Friends COS calendar

Friends Colorado Springs

A subset of the Friends of the Cumbres and Toltec Scenic Railroad located in Colorado Springs, Colorado, with the mission of preservation, restoration, and interpretation of CTSRR historic assets. The Springs group is primarily involved in restoration. See below for blog archive of older postings. For a brief history of 470 please click the link below to the Friends website.

Thursday, January 17, 2019

Summer 2018

As usual, Friends work sessions on the Railroad took many of our workers so that sessions at the COS site were fewer over the summer.

Work continued on the interior panelling, however.  Dean is sanding around the window in this photo.

Caulking and filling also moved forward with Don working around a window on the exterior.

More of the same with Ron weilding a putty knife in this photo.

John is caulking on the end of the car.  Some new people joined us and have been an immense help.

The overhangs at each end needed to have the old paint stripped and Bill L. is doing yeoman's work at this task.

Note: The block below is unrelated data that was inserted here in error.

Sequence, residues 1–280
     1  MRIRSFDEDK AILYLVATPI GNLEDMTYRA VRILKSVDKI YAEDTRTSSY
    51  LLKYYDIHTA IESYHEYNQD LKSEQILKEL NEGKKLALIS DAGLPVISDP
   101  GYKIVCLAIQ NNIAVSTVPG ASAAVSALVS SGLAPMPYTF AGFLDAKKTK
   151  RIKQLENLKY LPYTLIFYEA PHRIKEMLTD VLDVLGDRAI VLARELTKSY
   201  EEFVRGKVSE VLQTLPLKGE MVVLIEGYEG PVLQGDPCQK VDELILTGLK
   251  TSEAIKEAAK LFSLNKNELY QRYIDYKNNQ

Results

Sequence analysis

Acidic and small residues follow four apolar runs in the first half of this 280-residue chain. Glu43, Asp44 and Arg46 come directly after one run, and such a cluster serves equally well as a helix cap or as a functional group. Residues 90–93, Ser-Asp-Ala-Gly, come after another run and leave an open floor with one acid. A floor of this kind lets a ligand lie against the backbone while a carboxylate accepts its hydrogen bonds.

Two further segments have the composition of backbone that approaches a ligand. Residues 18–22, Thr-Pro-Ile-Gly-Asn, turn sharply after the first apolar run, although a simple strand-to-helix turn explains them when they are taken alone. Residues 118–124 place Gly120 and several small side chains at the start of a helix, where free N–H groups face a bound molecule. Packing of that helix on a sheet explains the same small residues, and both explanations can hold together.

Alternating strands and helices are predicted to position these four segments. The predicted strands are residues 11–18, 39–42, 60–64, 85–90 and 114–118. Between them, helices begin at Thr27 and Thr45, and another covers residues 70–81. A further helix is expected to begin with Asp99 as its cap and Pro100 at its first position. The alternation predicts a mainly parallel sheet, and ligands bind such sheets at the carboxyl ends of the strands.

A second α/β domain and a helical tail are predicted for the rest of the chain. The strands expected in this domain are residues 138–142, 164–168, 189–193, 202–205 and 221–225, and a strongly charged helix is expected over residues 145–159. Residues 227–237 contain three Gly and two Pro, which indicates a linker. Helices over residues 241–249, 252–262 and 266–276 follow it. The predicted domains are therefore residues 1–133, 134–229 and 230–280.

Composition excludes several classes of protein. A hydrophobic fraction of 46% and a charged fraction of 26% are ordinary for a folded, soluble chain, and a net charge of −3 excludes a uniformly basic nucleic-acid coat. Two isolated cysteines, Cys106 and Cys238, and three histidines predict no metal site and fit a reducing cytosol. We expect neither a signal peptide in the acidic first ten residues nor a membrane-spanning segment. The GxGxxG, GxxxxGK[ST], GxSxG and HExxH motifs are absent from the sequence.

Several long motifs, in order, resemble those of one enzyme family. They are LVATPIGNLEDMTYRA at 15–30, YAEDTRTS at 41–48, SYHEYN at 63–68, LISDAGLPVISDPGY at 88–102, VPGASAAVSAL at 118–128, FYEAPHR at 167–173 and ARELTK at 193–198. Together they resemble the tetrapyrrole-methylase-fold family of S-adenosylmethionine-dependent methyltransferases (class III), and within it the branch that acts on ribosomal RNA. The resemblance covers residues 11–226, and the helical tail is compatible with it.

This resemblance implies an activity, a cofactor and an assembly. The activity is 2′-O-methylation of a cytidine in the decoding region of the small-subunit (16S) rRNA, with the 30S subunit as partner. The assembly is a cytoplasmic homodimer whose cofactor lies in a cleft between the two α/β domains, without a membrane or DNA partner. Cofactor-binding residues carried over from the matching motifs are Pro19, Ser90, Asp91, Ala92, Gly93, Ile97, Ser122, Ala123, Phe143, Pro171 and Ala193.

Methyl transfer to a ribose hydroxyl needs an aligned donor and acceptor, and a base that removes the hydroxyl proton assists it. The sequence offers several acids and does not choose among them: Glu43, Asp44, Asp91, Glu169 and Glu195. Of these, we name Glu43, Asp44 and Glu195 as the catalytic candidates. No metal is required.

Fitting and installing the steel for the coupler pockets also continued.  Bill K. seems to be one of the point men on this,  maybe because he always brings his hard hat.

The seat frame castings have been delivered.  They are going to require some grinding and polishing before finishing.

John, Craig and Ron are discussing the roof flashing along the bottom of the clerestory window mockup.  They are using pieces of the old flashing that were removed during dismantling of the car to reconstruct how the new material will be installed.

 Something like this.  There will be a piece over the lower part of the window frame which will overlap that on the roof.

The spring winds tore the zipper tape off of the tent material on the west end of the structure.  Tom and I made some repairs.

We used a hand stitcher to sew the zipper back on to the material.  It went faster with two people, one making the stitch with the needle and the other locking it on the opposite side.

The right side is the one that is repaired.  On the left double stitching can be seen which was also present on the right, but the thread is fairly thin.  A second zipper on the other end also has pulled free but not yet repaired.